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McDermott: The filibuster promotes obstructionism, not compromise. Nuke it, already.

McDermott: The filibuster promotes obstructionism, not compromise. Nuke it, already.

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Mr. Smith Goes to Washington

Sen. Jefferson Smith (Jimmy Stewart) filibusters a bill in the 1939 classic "Mr. Smith Goes to Washington."

Democrats tend to bring knives to gun fights, while Republicans show up with bazookas. We’re seeing that today in the debate over the U.S. Senate filibuster. This accidental, archaic anomaly has been useful at times to promote bipartisanship, back when such a thing was possible. But now it just empowers a minority party that’s out of step with America and obstructionist to the point of nihilism.

Enough with the hand-wringing. Democrats should eliminate the filibuster.

With the filibuster, most legislation can be brought to a halt by just 41 of the Senate’s 100 members, effectively giving the minority party veto power over what the majority party was elected to do. There’s nothing about the filibuster in the Constitution; the Senate, like the House, was designed to operate under simple majority rule on most issues. And contrary to the misty myth promoted today by the filibuster’s defenders, it wasn’t created to foster political compromise. It was created by what amounted to a clerical error.

As Brookings fellow Sarah A. Binder testified before senators more than a decade ago, the power to filibuster “was created by mistake” in 1806, while the Senate was updating its rules to remove redundancies. That housekeeping exercise resulted in the unintentional elimination of any process for cutting off debate. In other words, a senator could now stall a vote on legislation indefinitely by simply continuing to talk.

It was decades before anyone thought to use this accidental loophole in that cynical way. Senators in the political minority, though, eventually started exploiting it. Multiple attempts in the late 19th century to get rid of the filibuster were prevented by … the filibuster.

By the early 20th century, obstructionist filibusters had become such a problem that the Senate finally created a “cloture” rule that could stop them with a floor vote. But the filibuster’s defenders managed to negotiate a requirement that cloture votes must be a two-thirds supermajority (later changed to three-fifths), instead of a simple majority.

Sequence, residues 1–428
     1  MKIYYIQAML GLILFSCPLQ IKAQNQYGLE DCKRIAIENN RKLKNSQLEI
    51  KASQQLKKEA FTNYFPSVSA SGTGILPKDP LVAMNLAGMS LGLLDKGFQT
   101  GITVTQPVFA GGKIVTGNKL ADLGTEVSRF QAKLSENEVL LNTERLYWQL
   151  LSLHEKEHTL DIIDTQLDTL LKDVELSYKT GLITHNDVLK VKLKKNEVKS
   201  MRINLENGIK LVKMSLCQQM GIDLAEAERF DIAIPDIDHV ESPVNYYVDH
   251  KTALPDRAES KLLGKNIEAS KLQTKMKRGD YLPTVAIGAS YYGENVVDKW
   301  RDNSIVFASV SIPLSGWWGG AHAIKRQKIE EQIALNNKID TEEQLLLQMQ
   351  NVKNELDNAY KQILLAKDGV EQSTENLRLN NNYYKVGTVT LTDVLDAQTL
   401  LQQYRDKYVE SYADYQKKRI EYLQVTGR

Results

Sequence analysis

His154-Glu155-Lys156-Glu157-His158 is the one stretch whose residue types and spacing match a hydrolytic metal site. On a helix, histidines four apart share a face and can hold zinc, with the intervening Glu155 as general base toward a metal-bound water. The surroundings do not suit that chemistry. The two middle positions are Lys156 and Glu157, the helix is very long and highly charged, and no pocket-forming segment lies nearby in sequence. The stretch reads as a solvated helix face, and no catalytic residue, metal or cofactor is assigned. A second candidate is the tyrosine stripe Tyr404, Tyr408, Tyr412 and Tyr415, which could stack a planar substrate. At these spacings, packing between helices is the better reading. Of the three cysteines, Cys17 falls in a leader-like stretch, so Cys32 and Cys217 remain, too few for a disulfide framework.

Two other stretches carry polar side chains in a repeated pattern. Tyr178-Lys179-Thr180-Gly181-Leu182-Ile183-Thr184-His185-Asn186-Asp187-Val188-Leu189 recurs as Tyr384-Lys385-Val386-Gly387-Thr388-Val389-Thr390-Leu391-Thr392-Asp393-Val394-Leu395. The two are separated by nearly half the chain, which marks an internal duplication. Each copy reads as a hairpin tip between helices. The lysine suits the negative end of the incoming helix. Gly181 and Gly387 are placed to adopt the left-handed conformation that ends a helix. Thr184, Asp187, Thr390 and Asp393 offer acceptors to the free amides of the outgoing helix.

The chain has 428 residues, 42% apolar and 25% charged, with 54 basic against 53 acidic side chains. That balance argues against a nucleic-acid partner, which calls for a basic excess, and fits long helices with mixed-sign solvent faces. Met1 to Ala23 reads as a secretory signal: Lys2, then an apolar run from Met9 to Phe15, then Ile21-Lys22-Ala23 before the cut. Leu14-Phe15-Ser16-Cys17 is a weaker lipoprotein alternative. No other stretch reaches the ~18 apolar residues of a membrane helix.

The filibuster was especially popular among southern senators in the mid-20th century as a way of stopping civil rights legislation.

Does any of this sound like a “treasured tradition” of “centuries-old wisdom” and “a key safeguard of American government”?

That’s how then-Senate Majority Leader Mitch McConnell described the filibuster in a New York Times op-ed in 2019. Now that he’s the minority leader, McConnell is fighting even harder to keep the filibuster in place, pointing out that he didn’t end it when he controlled the chamber. But he certainly abused and sidestepped it.

McConnell used the filibuster to repeatedly obstruct Barack Obama’s executive and judicial appointments — this after declaring bluntly that the “single most important thing we want to achieve is for President Obama to be a one-term president.” Frustrated Democrats finally responded in 2013 by scuttling the filibuster for executive and judicial appointments, though not for Supreme Court nominees.

McConnell bitterly condemned that move, but four years later, he took the more extreme step of making Supreme Court nominees exempt from the filibuster, too. This allowed him to fill the Supreme Court seat he’d effectively stolen from Obama by refusing to grant a hearing to court nominee Merrick Garland for almost the whole final year of Obama’s presidency.

McConnell also used a parliamentary exception to the filibuster to pass his budget-busting 2017 tax cut for the rich with only Republican votes. For someone who claims to cherish the filibuster, McConnell sure found ways to make sure he didn’t come under its thumb.

Some have suggested that a roundabout reform would be to restore the old rule that senators who want to filibuster a bill have to stand and talk the whole time. Think of the climactic scene from “Mr. Smith Goes to Washington,” with Jimmy Stewart standing for 25 hours to filibuster a corrupt appropriations bill. Rule changes in the 1970s allowed the minority party to simply declare a filibuster without speaking the whole time. Returning to the requirement of a “speaking filibuster,” some argue, would make the largely elderly and frail members of the Senate less apt to undertake it.

That may be true. If nothing else, it would be entertaining to watch. But how, exactly, does a display of physical stamina lend legitimacy to a political argument? If anything, the very notion just highlights how fundamentally absurd the filibuster is and always has been.

Today’s GOP already benefits mightily from anti-majoritarian systems like the Electoral College — which has given Republicans two recent presidencies despite Democratic opponents winning more votes — and the Senate itself, where 50 Democratic senators represent some 41 million more Americans than do the 50 Republican senators. Add in the frenzied court-stacking of the past four years and it’s clear why, on issues like health care, guns, abortion, the environment, taxes and more, the GOP has managed to steer public policy in directions that majorities of Americans don’t want it to go.

President Joe Biden and a Democratic Congress may have as little as two years to unwind some of that damage. But it’s not going to happen as long as McConnell & Co. control this unearned off-switch. Democrats should sheathe their knives, already, and nuke the filibuster.

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